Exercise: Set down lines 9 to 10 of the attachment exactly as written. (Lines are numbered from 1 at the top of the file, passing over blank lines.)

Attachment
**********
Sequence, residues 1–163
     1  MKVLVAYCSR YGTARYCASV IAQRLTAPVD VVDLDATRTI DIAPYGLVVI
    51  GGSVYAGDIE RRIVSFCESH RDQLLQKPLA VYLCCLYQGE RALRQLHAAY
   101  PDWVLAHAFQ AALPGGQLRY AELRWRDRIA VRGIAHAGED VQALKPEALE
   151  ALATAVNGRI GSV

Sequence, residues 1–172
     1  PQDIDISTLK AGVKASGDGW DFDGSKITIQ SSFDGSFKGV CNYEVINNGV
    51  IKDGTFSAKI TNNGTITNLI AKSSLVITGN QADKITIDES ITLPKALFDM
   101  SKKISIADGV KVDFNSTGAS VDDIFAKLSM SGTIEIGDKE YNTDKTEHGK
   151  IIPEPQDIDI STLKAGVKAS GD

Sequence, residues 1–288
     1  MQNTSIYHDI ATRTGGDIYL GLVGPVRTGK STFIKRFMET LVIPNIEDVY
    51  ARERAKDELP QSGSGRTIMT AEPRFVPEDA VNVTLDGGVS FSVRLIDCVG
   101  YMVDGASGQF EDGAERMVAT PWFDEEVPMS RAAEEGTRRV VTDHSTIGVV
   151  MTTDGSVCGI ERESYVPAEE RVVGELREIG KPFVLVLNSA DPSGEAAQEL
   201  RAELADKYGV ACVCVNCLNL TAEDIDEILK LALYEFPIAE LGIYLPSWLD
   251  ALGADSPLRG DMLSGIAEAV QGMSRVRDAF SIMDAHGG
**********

   101  SKKISIADGV KVDFNSTGAS VDDIFAKLSM SGTIEIGDKE YNTDKTEHGK
   151  IIPEPQDIDI STLKAGVKAS GD